In recent times, outsourcing has received a bad reputation in the consumer market. Consumers equate it with sending jobs overseas and increasing our unemployment rate back home. There is, of course, some truth to this belief, since many functions that used to be located in the American offices of many companies are now being produced in foreign countries, either by employees of a branch location of an American company or by a foreign company using its own local employees.
However, much outsourcing stays right here at home. All modern companies outsource to some extent. Purchasing raw materials or manufactured parts from another company to be used in a final product in your company is outsourcing. Outsourcing occurs with hard goods as well as with services. Using an outside accounting firm instead of an employee of your company or an attorney who is not your employee is outsourcing.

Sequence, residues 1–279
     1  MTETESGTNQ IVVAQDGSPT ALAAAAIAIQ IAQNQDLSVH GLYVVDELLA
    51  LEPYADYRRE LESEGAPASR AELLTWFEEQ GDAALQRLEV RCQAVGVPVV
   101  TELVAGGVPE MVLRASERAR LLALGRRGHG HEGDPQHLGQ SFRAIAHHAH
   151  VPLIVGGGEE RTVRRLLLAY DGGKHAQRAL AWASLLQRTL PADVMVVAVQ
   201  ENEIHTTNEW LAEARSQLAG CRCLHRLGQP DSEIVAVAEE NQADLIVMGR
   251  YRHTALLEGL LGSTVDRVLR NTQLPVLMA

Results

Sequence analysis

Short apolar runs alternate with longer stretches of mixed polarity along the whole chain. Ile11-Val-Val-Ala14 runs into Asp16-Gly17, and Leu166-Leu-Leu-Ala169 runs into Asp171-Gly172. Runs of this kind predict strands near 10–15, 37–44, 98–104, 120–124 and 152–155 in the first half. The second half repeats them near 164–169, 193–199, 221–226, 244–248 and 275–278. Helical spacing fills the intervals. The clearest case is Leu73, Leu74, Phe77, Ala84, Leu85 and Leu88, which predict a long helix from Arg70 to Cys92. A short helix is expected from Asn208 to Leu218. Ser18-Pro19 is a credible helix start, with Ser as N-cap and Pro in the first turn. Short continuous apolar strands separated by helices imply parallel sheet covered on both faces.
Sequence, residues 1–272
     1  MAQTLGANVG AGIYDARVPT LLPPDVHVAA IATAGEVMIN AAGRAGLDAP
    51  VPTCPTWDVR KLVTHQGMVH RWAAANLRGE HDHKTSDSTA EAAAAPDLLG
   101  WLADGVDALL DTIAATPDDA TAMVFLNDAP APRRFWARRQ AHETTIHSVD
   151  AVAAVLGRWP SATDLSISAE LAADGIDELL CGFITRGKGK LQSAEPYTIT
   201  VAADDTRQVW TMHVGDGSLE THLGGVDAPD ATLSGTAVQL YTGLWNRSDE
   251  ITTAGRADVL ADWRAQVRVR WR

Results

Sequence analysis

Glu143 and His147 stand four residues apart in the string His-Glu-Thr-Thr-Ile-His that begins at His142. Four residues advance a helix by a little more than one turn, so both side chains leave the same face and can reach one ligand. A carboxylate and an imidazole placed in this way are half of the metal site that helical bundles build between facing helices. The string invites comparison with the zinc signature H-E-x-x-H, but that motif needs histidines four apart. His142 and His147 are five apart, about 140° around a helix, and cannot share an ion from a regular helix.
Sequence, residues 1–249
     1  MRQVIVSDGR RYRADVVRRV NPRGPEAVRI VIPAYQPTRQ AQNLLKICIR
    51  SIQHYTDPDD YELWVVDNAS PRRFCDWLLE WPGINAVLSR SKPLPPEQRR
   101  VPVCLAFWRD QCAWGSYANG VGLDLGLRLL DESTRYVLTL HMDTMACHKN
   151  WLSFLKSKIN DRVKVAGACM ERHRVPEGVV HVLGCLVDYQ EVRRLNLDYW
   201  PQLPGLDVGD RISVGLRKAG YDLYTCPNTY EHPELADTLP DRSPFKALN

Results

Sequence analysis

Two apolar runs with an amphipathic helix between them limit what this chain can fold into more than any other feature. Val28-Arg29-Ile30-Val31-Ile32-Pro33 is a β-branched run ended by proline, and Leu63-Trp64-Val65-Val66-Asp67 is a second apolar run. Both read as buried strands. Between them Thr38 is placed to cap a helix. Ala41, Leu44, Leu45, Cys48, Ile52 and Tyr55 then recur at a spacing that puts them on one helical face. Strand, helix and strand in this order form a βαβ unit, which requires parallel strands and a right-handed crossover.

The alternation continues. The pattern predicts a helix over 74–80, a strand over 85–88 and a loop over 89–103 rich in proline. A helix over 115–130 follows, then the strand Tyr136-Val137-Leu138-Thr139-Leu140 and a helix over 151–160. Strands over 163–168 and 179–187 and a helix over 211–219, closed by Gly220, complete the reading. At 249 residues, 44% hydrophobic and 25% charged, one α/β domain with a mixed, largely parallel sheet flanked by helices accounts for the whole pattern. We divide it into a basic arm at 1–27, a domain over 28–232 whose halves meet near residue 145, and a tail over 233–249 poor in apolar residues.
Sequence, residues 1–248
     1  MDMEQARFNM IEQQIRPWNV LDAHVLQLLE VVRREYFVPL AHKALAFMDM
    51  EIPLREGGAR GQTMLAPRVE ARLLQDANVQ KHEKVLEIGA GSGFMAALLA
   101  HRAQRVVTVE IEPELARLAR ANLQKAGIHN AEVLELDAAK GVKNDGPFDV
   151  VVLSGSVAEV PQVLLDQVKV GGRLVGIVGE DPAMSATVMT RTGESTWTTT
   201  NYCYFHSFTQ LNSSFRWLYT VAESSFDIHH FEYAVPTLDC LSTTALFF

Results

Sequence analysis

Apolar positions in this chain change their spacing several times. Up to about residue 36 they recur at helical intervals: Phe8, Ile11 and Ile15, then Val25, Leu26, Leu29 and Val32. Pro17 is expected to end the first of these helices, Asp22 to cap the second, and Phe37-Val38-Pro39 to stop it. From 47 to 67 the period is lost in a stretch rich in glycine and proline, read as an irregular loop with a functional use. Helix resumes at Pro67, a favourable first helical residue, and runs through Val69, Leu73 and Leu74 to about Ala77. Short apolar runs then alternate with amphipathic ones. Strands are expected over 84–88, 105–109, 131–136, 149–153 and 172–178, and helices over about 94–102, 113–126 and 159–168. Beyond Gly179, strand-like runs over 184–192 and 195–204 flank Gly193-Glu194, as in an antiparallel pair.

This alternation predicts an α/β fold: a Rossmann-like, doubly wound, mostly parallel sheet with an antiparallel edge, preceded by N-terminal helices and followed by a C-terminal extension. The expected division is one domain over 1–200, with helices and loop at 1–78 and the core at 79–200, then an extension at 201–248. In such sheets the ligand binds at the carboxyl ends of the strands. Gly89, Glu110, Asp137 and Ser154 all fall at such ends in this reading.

Outsourcing should increase your productivity. It allows you and your employees to focus on what you do best and contract with outside sources for items/services that they are better positioned to create/provide. What you obtain from outsourcing should be at a lower cost to you (including those hidden costs we’ve talked about in previous blogs) than doing it yourself, allowing you to make a greater profit with fewer in-house resources.